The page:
Okay, Let’s Talk

In 2017, the Oprah Winfrey magazine, O, published a photo essay by photographer Chris Buck entitled, “Let’s Talk About Race.”  According to the photographer, the photo essay’s focus is to cause people to enter into a discussion on racism.  

Okay then, Mr. Buck, let’s talk.

The first photo in his essay shows a row of Asian women having pedicures by a group of white women who sit subservient at their feet.

Let me tell you that I don’t think manicures and pedicures are a form of white privilege.  Asian women are not slaves forced to hold these positions in nail salons. They do it because they’re good at it!

The second of Buck’s reverse situation photos is of a rich Latina ignoring her white maid. Again, if a Hispanic woman chooses to earn a living in the Service Industry—that’s her choice! A maid makes an honest living with her talents.

Both pictures suggest that minorities are incapable of holding positions of prestige and Caucasian women enjoy lording their “white privilege’ over others.

Now, the third photo is different. It shows a girl standing in a toy store looking at a row of black dolls. The hidden white person is a corporate executive who creates toys that cater to only one group of children.

Yet, to me, this is not an act of white privilege; it is a choice made by Corporations who favor sales over people.  Executives cater to the consumer whom they believe will buy more of their products. 

Therefore, the suggestive narrative for these photos is that Caucasians, as a whole, look down on minorities.  But is that true? In June 2020, The Cision PR Newswire published an article entitled, “New Report Reveals Demographics of Black Lives Matter Protesters Shows Vast Majority Are White, Marched Within Their Own Cities.” Based on the graphics obtained from Mobilewalla, a consumer data group, 76 percent of the protestors in Atlanta, who took to the streets after George Floyd’s death, were white, eighteen percent were black, and six percent were Hispanics. In Los Angeles, the number increased to 78 percent were white, fifteen percent were Hispanics, and only three percent of the protestors were black. Likewise, in Minneapolis, the data shows an increase of 85 percent of white protestors, and eleven percent were black.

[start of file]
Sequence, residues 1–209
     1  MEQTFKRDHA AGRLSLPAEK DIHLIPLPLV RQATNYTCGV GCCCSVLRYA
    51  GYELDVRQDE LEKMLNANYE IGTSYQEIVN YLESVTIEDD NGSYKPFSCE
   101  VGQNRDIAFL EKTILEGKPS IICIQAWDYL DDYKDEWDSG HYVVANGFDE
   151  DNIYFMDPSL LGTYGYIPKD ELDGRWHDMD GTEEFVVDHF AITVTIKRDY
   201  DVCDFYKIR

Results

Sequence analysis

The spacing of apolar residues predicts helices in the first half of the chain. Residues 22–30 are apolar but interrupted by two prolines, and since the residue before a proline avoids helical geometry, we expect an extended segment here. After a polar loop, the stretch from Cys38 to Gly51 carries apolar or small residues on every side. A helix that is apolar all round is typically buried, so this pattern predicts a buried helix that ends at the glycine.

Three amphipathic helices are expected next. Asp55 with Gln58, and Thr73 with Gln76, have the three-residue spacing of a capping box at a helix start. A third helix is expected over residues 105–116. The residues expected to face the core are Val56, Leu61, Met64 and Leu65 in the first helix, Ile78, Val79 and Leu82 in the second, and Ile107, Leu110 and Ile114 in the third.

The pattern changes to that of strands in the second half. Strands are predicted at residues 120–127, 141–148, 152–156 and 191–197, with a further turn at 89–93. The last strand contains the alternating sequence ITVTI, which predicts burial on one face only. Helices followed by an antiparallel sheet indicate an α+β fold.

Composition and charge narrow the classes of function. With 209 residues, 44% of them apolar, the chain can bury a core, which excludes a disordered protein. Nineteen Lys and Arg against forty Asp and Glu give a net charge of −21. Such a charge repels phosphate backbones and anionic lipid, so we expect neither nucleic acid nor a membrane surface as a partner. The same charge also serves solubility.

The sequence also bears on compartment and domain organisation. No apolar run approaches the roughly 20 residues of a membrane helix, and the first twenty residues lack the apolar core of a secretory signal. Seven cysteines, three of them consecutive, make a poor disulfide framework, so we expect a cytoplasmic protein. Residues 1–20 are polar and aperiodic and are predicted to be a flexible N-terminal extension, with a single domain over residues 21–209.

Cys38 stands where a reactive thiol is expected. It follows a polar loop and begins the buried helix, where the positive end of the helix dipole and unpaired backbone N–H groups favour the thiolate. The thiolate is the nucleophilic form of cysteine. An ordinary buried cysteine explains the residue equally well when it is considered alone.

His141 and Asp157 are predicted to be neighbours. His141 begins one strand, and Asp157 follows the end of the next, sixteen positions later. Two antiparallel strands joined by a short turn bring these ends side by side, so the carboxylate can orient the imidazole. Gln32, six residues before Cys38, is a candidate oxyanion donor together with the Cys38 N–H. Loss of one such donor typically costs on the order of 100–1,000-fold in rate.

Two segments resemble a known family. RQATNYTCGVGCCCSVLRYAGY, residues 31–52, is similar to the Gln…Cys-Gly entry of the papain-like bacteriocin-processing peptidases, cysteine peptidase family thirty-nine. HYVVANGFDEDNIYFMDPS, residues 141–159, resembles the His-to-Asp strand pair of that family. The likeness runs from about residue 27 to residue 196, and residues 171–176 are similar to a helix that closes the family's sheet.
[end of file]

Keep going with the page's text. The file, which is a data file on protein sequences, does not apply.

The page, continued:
As mathematicians always say, “numbers never lie.” If 75 (+) percent of Americans are protesting to support their black neighbors, then the theory behind the white privilege photo essay is misleading.

Buck says that the best photos conjure up questions, but not all questions have answers.  Yet, if asked, Pastor Voddie Bauchman would say that the answer to racism is the gospel. A recent article posted on the Christianity Daily website entitled “Dr. Voddie Baucham Hits Critical Race Theory, Says ‘The Gospel Is The Answer And The Solution’ To Racism.” Dr. Baucham says, “There’s a whole lot of things that the Bible is not, but, when it comes to the relationships between people when it comes to sins based on partiality, the Bible is absolutely a textbook on that,” he added. [Then] Dr. Baucham was asked if CRT could lead people to a wrong view of Christianity since the philosophy mainly zeroes in “white privilege,” Baucham stated that he fears CRT’s “divisive rhetoric” would not help but compound the racism problem.”

Racism, white privilege, and disparaging scenarios are all based on sin. The Bible tells us that what is in the heart comes out of the mouth. And what is in the heart will determine our spiritual future. (See Luke 6:45) Thus, instead of photo essays prompting a discussion on racism, maybe we should focus on the real issue of a lost world needing a Savior.    

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